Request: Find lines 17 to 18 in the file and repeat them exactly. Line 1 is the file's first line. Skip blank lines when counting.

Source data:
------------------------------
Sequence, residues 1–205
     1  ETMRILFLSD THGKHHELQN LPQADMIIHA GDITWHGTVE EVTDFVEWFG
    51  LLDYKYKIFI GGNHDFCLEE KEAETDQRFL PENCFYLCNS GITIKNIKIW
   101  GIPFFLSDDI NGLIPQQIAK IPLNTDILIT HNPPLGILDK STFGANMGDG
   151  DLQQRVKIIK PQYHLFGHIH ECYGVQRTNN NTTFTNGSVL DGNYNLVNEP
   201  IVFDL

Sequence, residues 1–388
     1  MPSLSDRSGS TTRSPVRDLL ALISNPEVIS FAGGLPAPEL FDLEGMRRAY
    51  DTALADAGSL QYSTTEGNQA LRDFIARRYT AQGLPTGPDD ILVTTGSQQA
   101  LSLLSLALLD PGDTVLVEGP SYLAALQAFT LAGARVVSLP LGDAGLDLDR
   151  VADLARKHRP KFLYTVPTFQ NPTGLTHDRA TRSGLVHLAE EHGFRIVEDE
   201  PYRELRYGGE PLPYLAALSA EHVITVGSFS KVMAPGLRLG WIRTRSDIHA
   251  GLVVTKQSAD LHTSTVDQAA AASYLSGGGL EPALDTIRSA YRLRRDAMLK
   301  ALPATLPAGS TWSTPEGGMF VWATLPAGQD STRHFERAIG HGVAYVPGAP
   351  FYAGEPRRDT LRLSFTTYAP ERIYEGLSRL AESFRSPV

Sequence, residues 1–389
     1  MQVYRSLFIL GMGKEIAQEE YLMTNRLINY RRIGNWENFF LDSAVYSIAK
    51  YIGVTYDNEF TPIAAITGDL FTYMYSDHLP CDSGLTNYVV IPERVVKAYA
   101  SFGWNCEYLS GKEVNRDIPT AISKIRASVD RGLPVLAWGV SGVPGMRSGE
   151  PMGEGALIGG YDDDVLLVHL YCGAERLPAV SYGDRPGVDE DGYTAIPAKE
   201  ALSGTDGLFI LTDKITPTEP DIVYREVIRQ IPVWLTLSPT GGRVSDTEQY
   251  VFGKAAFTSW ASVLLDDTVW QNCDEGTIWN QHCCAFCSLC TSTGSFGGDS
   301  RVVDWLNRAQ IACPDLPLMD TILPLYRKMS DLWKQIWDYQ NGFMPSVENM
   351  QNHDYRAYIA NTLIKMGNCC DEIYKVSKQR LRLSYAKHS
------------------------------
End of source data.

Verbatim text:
     1  MQVYRSLFIL GMGKEIAQEE YLMTNRLINY RRIGNWENFF LDSAVYSIAK
    51  YIGVTYDNEF TPIAAITGDL FTYMYSDHLP CDSGLTNYVV IPERVVKAYA